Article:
For Robinson, the feeling of not being ‘enough’ isn’t limited to race either. “It's an experience I've also felt being bisexual, and more recently felt in my sense of my gender identity: that sense that what I am doesn't t into any one box, not even in such a way that I feel totally comfortable taking on the term non-binary yet, though in some ways it feels right. There is so much beauty in liminal identities, but they can also be extremely challenging to navigate in a colonial society that would REALLY PREFER if you'd just be one thing or the other, and t one of the boxes they've set out for you.”

Given the personal nature of the play, Robinson was fearful of how the general public, especially those who have gone through the same struggles, would react to the depiction. “In the early stages of writing the script, I had a lot of anxiety around what my communities were going to think of the show, and a fear that in all my efforts to write a story uplifting us, I would fail in the telling, or folks would misread my intentions with the satirical elements,” she goes on. “I was having a hard time getting down to writing, I was so worried about this. A mentor of mine gave me some great advice, telling me, ‘the play has to ask hard questions of everybody. Your job is to challenge and ask questions of your own community. If you're not scared, you're not doing the work.’ Those words really hit home.”

Another challenge Robinson experienced while writing the script? Burnout. “When we won the Fringe New Play Prize last November, the script was in a very, very early stage,” she explains. “It was more of a pitch than a script, really. So it has been an intense year of writing and, with Shanae, learning the ins and outs of producing on the fly.” Robinson also learned a valuable lesson: the importance of taking a step back. “At the start of the year I had way over-committed myself and ended up getting very, very sick in January with a severe gut infection. They never found the cause and I really believe it was my body's way of forcing me to stop overworking myself and ignoring my own needs. This is still a real struggle for me, and I don't really have the answers on how to break out of the cycle of burnout: but I think it's important to name, as I think a lot of us (particularly artists, activists, marginalized and low-income folks) are stuck in that cycle, without concrete resources or strategies on how to break it. I think it's something we need to start talk about and challenging in more depth.”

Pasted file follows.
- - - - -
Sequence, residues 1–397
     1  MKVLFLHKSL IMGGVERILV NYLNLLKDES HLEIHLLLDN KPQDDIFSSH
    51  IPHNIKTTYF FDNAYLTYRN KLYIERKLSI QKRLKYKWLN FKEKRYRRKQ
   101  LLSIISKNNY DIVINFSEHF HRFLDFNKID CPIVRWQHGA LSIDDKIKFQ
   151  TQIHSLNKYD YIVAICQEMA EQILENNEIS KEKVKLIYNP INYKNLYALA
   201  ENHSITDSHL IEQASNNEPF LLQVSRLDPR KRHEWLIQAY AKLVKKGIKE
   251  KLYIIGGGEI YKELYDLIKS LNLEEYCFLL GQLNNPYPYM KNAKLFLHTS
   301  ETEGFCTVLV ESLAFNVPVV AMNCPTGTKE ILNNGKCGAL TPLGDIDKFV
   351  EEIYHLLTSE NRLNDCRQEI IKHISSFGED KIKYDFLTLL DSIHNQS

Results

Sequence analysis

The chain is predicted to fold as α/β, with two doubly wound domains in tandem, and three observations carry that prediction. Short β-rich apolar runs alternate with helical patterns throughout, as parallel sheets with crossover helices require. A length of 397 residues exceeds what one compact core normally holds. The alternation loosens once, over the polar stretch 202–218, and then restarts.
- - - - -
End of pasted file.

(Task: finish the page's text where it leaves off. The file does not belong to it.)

The willingness to ask questions and do research about communities outside of our direct experience is imperative. “Get educated so you can show up in a meaningful way when you are needed, and start to create truly inclusive spaces starting from a place of humility and willingness to learn,” she urges. “Whether that starts with something as simple as listening to a podcast from a queer Black perspective while you're cooking dinner - starting with something that simple and making it a habit, a habit of listening to and being informed by a lived experience of the world that is outside of your own. And then bring that listening into the room with you as you invite people from the queer and/or Black communities into your space, and as you move outside your comfort zone and go support their work.”

Robinson also encourages communities to be outspoken on issues that resonate with them. “Pass the mic - if you feel moved about an issue outside of your own experience, look for ways to give those communities a platform, resources, leadership roles in your organization. Look for ways you can use your own privilege to leverage others. In my opinion, that's what real allyship is about.”

Mx runs at the Vancouver Fringe September 6-15.